Instead, use this for highlight your most outstanding achievements in your career that match the skills they need. As far as the formatting of your header does, put together a professional- looking package by making your resume, cover letter, references, thank-you notes, and everything else that goes along in your package, all match for the same heading style. Keep in mind that your cover letter is an essential part of your marketing campaign. You saw the first example of MaryEllen's cover letter.
Next, let's see how MaryEllen could drastically improve her chances of having the hiring manager review her resume and win in interview. The header information should include her name, the address, her contact information, her cell number of course, and email, and you could even include a headline. In the main body of your resume, you want to add a date of course, and of course you want to add the full address as snail mail. Be sure to add the reference, or as some people call it, the Re: line.
Next, you want to make sure that you address the person by name if at all possible, not To Whom It May Concern. Following the salutation comes the body, and you want it to be an introduction. Following the introduction, you can put information, such as your matching skills. Of course this is optional, but I just showed you how you could create a table here that points out your five best skills that match the employer skills. Next, reiterate your qualifications, and then you can repeat also your contact information, and finally, thank them for their time and consideration.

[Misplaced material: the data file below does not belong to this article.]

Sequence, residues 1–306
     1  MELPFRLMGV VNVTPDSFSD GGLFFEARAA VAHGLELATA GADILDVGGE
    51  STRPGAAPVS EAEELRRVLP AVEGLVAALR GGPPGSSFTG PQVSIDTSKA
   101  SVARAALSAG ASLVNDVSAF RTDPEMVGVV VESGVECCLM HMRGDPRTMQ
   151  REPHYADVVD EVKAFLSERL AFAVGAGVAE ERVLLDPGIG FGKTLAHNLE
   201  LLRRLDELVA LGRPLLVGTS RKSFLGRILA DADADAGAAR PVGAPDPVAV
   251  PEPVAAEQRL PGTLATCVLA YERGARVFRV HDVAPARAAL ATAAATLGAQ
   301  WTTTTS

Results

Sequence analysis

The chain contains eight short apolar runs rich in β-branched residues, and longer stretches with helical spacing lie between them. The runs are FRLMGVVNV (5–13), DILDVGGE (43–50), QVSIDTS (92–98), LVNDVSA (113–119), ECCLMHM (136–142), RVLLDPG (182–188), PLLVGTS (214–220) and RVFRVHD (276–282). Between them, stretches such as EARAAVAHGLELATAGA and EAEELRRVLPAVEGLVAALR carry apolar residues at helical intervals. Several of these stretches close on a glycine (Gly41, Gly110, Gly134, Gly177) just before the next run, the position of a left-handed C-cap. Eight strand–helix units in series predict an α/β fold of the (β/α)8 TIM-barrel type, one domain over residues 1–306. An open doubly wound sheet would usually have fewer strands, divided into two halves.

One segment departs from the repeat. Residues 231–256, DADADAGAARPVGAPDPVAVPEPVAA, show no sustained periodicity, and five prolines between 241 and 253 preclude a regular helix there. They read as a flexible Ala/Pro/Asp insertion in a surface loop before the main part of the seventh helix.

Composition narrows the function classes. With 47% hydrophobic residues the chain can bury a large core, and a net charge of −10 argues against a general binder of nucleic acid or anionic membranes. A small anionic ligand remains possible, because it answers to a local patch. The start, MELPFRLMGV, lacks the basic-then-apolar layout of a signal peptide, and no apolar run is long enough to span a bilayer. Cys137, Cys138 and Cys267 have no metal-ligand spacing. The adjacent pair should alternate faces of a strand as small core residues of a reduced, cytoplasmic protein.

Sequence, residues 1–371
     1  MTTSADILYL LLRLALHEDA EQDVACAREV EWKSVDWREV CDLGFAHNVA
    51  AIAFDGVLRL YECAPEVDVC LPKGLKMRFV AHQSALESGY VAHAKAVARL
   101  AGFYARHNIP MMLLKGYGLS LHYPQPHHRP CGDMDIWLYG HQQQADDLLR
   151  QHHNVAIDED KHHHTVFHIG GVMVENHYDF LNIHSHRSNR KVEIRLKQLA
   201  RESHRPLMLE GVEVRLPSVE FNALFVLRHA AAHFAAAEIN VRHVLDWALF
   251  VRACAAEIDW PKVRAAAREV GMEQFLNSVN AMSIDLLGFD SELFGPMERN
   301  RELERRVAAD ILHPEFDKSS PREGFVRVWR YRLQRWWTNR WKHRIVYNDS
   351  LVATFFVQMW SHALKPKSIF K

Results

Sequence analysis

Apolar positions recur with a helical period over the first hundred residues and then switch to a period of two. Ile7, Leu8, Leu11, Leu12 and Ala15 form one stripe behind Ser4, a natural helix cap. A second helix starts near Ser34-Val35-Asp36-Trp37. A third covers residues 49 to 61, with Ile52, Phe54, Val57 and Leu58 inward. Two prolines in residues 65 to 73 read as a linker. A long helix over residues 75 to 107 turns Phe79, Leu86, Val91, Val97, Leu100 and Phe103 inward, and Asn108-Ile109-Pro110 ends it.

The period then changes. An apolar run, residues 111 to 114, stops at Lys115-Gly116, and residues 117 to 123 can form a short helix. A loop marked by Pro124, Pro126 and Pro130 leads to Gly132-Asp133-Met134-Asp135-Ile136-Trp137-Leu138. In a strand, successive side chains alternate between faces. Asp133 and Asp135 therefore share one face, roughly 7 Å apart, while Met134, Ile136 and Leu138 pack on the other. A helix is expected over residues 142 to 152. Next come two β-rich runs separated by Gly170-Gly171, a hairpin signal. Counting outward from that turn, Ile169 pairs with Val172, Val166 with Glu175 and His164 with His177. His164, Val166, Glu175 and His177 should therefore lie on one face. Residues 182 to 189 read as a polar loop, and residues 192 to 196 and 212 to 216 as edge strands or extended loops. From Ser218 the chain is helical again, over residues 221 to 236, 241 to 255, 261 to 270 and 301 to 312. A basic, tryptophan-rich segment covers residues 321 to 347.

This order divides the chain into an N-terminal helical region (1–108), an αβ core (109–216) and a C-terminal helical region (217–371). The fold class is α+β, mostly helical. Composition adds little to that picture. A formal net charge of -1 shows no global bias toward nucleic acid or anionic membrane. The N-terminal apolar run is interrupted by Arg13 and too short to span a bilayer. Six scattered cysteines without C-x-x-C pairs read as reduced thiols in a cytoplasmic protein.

Add the closing, and the last thing that you want to put on your page is add the word enclosure, if you're adding your resume in snail mailing. A lot of people treat their cover letter as an afterthought and a rather unnecessary afterthought at that. I should know; I used to be one of them. But are they really need it? Are they important to your job search? If you think your resume is what's most important, you're correct, but before they can even see your brilliantly written resume, you must sell them first with your cover letter.